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By Brian Bowling – photo by Andrew Russell – Trib Total Media
Sitting on a doorstep across the street from his burning home in Swissvale, Larry Knox said he was glad everyone got safely out of the three-story apartment building.
“Thank God, I’m out of there,” said Knox, who is visually impaired. “This young man named James on the second floor came and got me.”
Two firefighters suffered injuries while battling the four-alarm blaze on Saturday in the 2000 block of Monongahela Avenue, said fire Chief Clyde Wilhelm. He said he had no reports of any residents being injured.
Firefighters thought at first they had a roof fire, Wilhelm said. As it turned out, the blaze probably started on the second floor but quickly spread through the voids between the exterior and interior walls to the third floor.
An Allegheny County fire marshal is investigating the cause, he said.
One firefighter went by ambulance to UPMC Mercy for treatment of second- and third-degree burns on his neck, Wilhelm said. Emergency medical techs treated the other firefighter at the scene for minor injuries, he said.
Wilhelm asked Duquesne Light Co. to cut power to the neighborhood because high-voltage power lines pass in front of the building and posed a hazard to firefighters, he said.
By Braden Ashe – photo by Dan Speicher / Tribune-Review
Firefighters spent more than two hours Sunday morning extinguishing an apartment building fire at Drey Street and Kenneth Avenue in Arnold.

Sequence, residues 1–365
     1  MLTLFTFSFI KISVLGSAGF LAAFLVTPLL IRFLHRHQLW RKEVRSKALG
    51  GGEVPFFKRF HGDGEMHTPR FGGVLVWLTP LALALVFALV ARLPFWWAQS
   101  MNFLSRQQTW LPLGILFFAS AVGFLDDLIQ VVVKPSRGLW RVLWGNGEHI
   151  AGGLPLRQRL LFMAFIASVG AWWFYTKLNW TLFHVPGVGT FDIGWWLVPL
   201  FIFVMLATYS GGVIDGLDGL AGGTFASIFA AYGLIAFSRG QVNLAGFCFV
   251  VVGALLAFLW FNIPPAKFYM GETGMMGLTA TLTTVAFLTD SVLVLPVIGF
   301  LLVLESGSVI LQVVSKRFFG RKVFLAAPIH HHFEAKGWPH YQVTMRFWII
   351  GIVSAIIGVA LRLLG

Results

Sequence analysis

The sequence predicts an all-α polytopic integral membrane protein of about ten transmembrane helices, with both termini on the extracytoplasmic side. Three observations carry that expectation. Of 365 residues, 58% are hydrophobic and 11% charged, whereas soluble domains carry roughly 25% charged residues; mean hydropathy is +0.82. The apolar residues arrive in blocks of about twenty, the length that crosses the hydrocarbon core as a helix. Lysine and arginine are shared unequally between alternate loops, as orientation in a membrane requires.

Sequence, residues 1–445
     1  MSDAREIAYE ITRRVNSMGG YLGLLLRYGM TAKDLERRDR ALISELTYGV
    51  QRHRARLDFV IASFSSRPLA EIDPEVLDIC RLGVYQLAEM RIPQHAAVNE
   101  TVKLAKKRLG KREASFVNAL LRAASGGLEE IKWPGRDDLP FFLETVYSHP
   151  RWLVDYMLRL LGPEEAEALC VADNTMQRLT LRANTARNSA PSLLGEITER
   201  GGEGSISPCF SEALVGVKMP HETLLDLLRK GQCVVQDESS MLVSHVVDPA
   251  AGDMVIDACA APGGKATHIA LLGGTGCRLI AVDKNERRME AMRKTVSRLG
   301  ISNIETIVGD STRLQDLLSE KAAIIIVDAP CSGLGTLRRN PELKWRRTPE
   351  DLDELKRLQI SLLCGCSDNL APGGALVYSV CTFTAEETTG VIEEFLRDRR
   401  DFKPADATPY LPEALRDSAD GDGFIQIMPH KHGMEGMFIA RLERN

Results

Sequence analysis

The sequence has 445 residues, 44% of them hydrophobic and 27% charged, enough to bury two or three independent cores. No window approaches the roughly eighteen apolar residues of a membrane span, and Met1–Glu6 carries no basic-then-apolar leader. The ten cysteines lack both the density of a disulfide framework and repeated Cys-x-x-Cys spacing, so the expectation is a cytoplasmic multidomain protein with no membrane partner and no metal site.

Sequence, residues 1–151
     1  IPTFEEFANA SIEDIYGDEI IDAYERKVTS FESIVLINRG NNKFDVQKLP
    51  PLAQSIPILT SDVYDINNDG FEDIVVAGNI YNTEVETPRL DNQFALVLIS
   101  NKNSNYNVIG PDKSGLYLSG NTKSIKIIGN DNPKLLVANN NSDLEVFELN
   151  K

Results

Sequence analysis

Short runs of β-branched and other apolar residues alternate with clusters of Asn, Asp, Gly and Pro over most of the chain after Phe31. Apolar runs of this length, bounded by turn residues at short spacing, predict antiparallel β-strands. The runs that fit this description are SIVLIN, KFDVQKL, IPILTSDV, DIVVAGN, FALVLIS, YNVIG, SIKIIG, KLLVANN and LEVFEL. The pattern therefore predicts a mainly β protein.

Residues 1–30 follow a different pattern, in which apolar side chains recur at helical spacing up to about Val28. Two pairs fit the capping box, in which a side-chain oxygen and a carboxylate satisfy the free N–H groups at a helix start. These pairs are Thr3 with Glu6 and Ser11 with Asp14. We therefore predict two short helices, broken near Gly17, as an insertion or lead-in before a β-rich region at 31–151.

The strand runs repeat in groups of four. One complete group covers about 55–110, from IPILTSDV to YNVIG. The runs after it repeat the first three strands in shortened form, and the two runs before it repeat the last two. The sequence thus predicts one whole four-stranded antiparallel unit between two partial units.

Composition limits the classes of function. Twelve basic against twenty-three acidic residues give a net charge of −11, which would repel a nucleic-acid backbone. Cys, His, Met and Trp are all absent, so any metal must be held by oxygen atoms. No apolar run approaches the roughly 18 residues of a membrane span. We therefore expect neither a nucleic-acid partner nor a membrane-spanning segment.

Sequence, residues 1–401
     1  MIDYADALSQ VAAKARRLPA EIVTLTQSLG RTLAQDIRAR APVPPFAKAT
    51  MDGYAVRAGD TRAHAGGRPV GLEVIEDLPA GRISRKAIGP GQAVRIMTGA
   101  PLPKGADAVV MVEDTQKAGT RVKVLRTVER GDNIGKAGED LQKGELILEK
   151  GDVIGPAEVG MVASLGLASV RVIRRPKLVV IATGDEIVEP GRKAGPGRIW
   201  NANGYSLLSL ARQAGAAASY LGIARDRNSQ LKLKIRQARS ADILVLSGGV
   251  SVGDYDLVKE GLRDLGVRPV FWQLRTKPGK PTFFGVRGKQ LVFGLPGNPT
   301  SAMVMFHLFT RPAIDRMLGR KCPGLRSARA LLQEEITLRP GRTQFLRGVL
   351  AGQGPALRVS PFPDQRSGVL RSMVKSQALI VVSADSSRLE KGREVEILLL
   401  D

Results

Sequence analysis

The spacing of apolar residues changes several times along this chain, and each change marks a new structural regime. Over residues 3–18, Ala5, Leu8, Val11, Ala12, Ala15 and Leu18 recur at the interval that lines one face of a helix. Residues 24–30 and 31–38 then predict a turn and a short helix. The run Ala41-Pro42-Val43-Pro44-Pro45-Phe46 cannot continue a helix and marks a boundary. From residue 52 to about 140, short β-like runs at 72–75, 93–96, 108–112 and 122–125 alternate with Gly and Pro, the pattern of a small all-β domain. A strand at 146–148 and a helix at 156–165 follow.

Arnold fire Chief J.C. Tedorski said crews responded about 6 a.m. to a report of a first-floor fire in the two-story building. When they arrived, he said, a “heavy amount of flames” was showing from a first-floor window and spreading through the second story to the roof.
Tenants in all four of the brick building’s apartments were home when the fire started but safely evacuated without injury, according to Tedorski.
Arnold, New Kensington and Lower Burrell firefighters began immediately combating the first-story flames before turning their attention to the roof, where the fire was spreading rapidly.
“Once the fire got in between the ceiling and the roof, it ran through the whole area,” Tedorski said. “It’s an old building — really well constructed — so there was a lot of heavy, hard work being done to break through the ceiling from the interior to take care of the hot spots up there.”
West Penn Power crews responded about 45 minutes into the call to de-energize a power line to the house that was raining sparks on the firefighters below.
“They were able to cut it down without interrupting power to any of the other houses, but there were some intense moments as the wire was melting,” Tedorski said. “It was burning off the side of the house and sparking. It could have posed a real problem.”